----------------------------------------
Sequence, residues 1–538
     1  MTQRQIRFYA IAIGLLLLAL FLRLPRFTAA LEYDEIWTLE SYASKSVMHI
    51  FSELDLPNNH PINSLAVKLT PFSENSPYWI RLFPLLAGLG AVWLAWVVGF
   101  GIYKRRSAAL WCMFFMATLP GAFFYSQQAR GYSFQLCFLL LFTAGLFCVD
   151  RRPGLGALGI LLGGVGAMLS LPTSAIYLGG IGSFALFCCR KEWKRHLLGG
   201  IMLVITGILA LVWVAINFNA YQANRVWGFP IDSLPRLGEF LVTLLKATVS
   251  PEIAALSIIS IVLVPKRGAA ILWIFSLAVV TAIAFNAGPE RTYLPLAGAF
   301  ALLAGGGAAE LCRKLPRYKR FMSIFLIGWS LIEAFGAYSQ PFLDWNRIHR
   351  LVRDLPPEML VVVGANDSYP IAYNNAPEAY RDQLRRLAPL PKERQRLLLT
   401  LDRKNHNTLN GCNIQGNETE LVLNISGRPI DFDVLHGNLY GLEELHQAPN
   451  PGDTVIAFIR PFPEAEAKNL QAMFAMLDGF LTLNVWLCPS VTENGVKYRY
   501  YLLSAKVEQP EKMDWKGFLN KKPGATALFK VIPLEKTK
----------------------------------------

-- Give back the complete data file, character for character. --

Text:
Sequence, residues 1–538
     1  MTQRQIRFYA IAIGLLLLAL FLRLPRFTAA LEYDEIWTLE SYASKSVMHI
    51  FSELDLPNNH PINSLAVKLT PFSENSPYWI RLFPLLAGLG AVWLAWVVGF
   101  GIYKRRSAAL WCMFFMATLP GAFFYSQQAR GYSFQLCFLL LFTAGLFCVD
   151  RRPGLGALGI LLGGVGAMLS LPTSAIYLGG IGSFALFCCR KEWKRHLLGG
   201  IMLVITGILA LVWVAINFNA YQANRVWGFP IDSLPRLGEF LVTLLKATVS
   251  PEIAALSIIS IVLVPKRGAA ILWIFSLAVV TAIAFNAGPE RTYLPLAGAF
   301  ALLAGGGAAE LCRKLPRYKR FMSIFLIGWS LIEAFGAYSQ PFLDWNRIHR
   351  LVRDLPPEML VVVGANDSYP IAYNNAPEAY RDQLRRLAPL PKERQRLLLT
   401  LDRKNHNTLN GCNIQGNETE LVLNISGRPI DFDVLHGNLY GLEELHQAPN
   451  PGDTVIAFIR PFPEAEAKNL QAMFAMLDGF LTLNVWLCPS VTENGVKYRY
   501  YLLSAKVEQP EKMDWKGFLN KKPGATALFK VIPLEKTK